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Rules of the road: Everything you need to know about cycling in France

The Local France
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Rules of the road: Everything you need to know about cycling in France
Photo: Cat Burston/Flickr.

Cycling around France can be one of the most pleasant ways to see the stunning (and varied) countryside on offer. But before hitting the tarmac, first you need to know the rules of the road.


France is known for being a wonderful country for cyclists and not just because of the famous Tour de France race every summer.
French people are particularly enthusiastic cyclists -- in fact in 2016 no fewer than 3,034,000 bikes were sold throughout the country.
Drivers are generally considered to be understanding of their friends on two wheels and there is an abundance of picturesque villages and scenic landscapes offering a feast for the eyes. 
But before you do as the French and hop on your bike, these are the rules you need to know. 
The basics
When cycling in France remember to make sure that your bike is properly equipped: it must have a white light at the front and a red one at the back, a bell with a 50-metre range and pedals with orange reflectors.
You also need to remember that when cycling at night (and when visibility is bad) you should wear a high visibility vest and should avoid cycling two abreast. 
And don't use your mobile phone and cycle at the same time or you could be fined €35.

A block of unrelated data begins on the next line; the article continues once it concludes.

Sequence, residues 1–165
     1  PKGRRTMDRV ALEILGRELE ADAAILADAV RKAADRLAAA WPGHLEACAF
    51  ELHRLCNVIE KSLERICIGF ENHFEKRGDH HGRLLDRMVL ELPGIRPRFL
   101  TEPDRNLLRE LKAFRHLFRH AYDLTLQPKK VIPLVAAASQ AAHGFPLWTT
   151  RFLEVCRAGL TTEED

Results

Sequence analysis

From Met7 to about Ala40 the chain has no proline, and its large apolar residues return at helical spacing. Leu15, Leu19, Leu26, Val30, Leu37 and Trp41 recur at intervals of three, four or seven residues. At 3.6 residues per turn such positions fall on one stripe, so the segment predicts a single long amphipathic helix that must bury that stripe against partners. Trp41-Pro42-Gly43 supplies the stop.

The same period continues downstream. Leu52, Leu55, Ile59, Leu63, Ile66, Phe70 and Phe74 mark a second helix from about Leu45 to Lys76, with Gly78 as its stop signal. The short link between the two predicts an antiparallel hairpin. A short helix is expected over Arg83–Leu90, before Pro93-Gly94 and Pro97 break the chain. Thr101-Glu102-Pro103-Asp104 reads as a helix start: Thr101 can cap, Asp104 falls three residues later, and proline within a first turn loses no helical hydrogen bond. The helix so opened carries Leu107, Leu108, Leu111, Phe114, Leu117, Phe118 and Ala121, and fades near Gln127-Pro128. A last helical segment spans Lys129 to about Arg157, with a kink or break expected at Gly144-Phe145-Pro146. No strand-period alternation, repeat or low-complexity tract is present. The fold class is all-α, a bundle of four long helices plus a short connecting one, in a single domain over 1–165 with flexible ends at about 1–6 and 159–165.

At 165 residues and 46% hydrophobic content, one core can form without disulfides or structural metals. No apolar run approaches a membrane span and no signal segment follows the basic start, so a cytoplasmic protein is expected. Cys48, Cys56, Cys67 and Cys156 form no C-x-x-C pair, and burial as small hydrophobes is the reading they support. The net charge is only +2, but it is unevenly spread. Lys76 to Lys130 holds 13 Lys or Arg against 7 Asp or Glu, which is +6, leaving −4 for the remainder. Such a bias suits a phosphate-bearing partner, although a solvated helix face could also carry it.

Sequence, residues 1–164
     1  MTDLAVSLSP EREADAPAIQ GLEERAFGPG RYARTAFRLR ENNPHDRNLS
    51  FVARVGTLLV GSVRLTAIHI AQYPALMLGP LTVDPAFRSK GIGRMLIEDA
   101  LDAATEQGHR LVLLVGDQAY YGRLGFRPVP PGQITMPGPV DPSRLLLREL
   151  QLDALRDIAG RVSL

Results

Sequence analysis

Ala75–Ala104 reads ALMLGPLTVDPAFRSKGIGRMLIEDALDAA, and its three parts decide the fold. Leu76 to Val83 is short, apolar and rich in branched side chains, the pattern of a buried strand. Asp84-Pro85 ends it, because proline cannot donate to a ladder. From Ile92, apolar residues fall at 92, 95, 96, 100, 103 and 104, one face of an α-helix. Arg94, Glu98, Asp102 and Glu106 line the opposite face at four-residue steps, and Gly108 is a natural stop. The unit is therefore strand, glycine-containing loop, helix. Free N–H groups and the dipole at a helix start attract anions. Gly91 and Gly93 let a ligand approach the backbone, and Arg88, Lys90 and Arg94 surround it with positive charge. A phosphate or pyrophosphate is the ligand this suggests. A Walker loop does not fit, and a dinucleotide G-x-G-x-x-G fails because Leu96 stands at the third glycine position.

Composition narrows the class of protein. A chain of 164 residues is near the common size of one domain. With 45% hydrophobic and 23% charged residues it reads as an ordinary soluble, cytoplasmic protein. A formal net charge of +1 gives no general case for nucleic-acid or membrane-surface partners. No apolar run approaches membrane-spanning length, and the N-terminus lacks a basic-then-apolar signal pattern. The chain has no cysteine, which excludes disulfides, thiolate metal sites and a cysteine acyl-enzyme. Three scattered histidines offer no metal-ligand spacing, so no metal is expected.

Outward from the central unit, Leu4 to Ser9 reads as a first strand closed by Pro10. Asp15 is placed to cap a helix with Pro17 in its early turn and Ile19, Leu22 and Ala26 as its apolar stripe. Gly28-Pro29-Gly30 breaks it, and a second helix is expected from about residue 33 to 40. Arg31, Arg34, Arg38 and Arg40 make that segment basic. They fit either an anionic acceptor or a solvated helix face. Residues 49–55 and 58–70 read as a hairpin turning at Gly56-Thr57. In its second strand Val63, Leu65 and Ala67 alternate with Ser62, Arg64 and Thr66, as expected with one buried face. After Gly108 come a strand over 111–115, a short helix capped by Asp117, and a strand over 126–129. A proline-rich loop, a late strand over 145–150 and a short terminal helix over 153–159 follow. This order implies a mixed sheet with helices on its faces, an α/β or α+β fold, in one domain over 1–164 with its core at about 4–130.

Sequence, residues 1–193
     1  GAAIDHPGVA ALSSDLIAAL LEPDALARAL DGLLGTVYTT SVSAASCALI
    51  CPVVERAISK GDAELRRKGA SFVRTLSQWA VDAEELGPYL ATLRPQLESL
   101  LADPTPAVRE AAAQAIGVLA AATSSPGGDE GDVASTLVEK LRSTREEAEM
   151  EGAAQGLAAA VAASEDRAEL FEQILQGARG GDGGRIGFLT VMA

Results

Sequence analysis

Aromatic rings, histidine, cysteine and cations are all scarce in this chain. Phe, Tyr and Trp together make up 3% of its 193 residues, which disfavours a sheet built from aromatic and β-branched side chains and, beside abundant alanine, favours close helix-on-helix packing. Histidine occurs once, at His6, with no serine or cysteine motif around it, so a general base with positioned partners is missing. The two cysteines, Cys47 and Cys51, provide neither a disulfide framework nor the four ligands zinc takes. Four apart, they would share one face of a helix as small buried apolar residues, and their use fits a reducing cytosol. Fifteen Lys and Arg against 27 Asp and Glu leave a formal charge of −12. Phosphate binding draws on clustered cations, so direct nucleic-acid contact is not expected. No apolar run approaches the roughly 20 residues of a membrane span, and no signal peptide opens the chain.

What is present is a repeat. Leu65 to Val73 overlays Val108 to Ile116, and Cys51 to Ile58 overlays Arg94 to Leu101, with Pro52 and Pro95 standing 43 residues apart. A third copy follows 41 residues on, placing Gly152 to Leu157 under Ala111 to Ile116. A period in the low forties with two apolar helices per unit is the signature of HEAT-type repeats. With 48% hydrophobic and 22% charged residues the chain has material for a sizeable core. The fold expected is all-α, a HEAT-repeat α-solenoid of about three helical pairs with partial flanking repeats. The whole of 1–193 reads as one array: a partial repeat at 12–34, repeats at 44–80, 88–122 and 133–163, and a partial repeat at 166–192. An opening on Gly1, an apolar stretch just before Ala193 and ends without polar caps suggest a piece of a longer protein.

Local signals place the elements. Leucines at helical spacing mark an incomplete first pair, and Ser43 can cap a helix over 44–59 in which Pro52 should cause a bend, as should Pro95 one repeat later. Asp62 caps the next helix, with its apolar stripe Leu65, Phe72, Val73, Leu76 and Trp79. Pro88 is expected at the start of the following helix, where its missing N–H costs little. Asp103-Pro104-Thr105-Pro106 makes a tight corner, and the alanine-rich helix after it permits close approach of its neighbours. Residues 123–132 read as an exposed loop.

People cycling in Saint-Cyprien, southern France Photo: AFP
Priorité à droite
One of the most complicated parts of cycling in a foreign country can be knowing which signs apply to you and, of course, what they mean. 
One of the most important ones for you to remember, explains Jon Lethbridge from Loire Life Cycling, is the red triangle with a cross (see below) which appears when you are approaching a junction.
It means that you must give priority to the right -- “priorité à droite”, which is one of the foundations of France’s rules of the road and means cars arriving from the right at an intersection have right-of-way.
In short: If you're driving and there's a vehicle trying to join or cross the road to your right, then you're obliged to let them in.
But this is made more complicated by the fact that sometimes you don't actually have to give way to the right.
In fact, some French junctions won't have stop signs nor traffic lights and are governed entirely by this principle. So it’s generally a good idea to take it slow through any uncontrolled intersection in France. 
"Sometimes drivers will let cyclists go first but this can really depend on which department you're in and can be a bit hit and miss," Lethbridge says.